the timing is never right

I’m studying for the ACT, a standardized test used for college admission. Yes, I am turning 29 in just a few weeks. Yes, I matriculated a four year college when I was 18. No, I don’t plan on getting another bachelor’s degree.

I’ve now convinced multiple people that I’m dissatisfied with my score from high school and have decided to take it again. It’s awesome. I’m met with scrunched eyebrows and fake smiles (does she need to talk to someone?!), and I sense a new distrust in my judgment.

But I’m not studying for the ACT to take it myself. I’m studying for it to tutor high schoolers. It’s scary. What do I charge? How can they trust me? I was an SAT kid who never even took the ACT… how am I an authority? Can I guarantee an improvement in score? Can I guarantee anything?

The timing’s not right— we now have a mortgage, I want to save money to have a family (in twelve years), I am getting all of the NOLS work that I want for the first time in my career. But will the timing ever be right? I don’t think so. I don’t believe there will be a time when I feel less scared— scared of failure, scared to move on from life as I know it. The heaviness I feel in my belly will always be there. And I’ll always be able to come up with reasons to avoid taking a chance.

Here I go! And I got my first client today. If a woman I’ve never met trusts me to help her daughter, I can trust myself too.


Yesterday I told my boss that I’m not coming back next summer. I told her that I’m starting a business and that I’m going to write. I explained that I didn’t have the discipline or energy to work the 8-5 job and write in the evening. She expressed excitement for me and my next steps and gratitude for my contributions over the past couple of years. I felt so brave saying the hard thing out loud to her.

The moment I left her office, I saw the hallway through heavy, nostalgic eyes. I was still in the building, but already I missed each smiling face, the hallway banter, spending ten hours a day in the same building as my sister, the warmth of the laminator. At night I went to a co-worker’s house and watched a movie with others from the office. The warmth, familiarity, and comfort felt so good. I love these people. I love my work.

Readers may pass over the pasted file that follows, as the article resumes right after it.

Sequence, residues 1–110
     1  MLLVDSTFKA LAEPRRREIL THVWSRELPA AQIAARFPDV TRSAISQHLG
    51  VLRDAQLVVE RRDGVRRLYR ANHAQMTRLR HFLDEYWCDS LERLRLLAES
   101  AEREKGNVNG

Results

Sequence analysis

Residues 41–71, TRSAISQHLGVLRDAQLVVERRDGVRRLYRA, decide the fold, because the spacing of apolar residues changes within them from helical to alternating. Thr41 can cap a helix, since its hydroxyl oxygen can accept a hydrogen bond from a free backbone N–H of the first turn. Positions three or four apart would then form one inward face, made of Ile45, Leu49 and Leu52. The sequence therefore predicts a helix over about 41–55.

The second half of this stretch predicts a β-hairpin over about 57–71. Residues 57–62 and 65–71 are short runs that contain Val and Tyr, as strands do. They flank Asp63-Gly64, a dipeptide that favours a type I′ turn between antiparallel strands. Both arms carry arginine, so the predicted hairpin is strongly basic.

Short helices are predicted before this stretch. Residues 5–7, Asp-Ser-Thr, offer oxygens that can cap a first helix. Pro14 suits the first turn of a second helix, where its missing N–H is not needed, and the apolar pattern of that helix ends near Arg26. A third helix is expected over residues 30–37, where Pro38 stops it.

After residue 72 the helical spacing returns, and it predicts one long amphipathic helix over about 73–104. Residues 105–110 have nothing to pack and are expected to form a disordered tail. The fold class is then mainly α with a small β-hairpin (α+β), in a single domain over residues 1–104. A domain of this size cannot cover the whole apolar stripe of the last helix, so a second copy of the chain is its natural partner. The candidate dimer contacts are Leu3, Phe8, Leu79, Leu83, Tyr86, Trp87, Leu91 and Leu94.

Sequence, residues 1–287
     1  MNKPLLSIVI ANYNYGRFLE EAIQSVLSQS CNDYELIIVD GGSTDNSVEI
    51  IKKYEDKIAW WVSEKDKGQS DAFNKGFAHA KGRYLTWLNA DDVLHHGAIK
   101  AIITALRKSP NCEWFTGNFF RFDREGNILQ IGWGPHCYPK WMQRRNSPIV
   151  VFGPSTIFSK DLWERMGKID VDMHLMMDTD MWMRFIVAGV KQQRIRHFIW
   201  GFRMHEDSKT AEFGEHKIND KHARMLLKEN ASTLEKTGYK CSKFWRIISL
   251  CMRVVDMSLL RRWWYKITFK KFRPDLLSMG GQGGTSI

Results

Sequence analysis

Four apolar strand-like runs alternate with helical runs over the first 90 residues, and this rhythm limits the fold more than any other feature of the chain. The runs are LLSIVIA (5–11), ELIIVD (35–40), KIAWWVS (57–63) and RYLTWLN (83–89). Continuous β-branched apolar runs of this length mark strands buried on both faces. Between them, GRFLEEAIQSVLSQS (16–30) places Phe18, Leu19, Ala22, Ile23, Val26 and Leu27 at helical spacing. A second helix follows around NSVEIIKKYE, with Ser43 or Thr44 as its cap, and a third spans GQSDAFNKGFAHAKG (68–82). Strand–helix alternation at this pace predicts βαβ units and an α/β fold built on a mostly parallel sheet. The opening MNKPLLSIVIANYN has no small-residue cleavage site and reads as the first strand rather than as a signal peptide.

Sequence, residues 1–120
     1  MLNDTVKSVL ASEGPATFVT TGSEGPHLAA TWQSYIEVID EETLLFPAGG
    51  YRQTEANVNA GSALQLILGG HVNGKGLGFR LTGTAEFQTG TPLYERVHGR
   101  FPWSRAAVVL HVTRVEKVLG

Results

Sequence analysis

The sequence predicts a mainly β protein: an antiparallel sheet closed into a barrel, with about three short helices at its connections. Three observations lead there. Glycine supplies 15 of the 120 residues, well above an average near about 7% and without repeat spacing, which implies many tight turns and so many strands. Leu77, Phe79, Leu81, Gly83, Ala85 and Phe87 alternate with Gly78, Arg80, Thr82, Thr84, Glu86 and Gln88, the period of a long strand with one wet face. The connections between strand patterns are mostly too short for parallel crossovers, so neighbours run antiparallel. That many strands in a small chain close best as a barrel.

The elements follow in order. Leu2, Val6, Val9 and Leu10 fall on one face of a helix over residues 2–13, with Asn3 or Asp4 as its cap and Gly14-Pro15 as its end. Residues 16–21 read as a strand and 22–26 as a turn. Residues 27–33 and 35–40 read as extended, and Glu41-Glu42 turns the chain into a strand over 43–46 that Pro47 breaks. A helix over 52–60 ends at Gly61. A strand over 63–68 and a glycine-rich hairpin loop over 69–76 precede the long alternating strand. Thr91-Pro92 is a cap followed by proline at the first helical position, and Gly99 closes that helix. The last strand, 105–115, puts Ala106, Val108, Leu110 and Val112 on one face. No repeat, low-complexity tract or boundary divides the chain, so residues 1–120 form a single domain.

Am I making a huge mistake? I’m lucky enough to have found a job that I’m good at and that I believe in. No one finds that. Or at least not many. Why am I messing it up by leaving?

Conversation after the film moved to a work topic that we’ve talked about hundreds of times. One of the most frustrating things about our jobs— entitelement. The other four in the room started to escalate, building off of one another’s irritation.

There’s the reassurance I needed. I didn’t care. Not in a flippant way, but in a time to move on and try something new way.

So here I go. Feeling scared, which means it’s likely the right move.

On Rejection

Writing is good life practice.

You work really, really hard on something, put your heart on the page, and get rejected. You think you have an original idea and find out not only are there 20 others with the same idea, but they're more qualified to carry out the vision. Or you get really attached and excited about an idea of the next week/month/year and find out that so-and-so doesn't want to partner with you or thinks your work is meh or can't see you as a good fit. 

Again and again and again.

Love, friendship, school, and my career thus far have all flowed into my life joyously. It sounds corny but I can't think of any other way to describe it. I've wanted something, worked hard for it, and boom, it's happened. There have been plenty of bumps along the way, but what's right for me has always prevailed and not much rejection has stumped me. When I've followed my intuition, the path has been one of ease.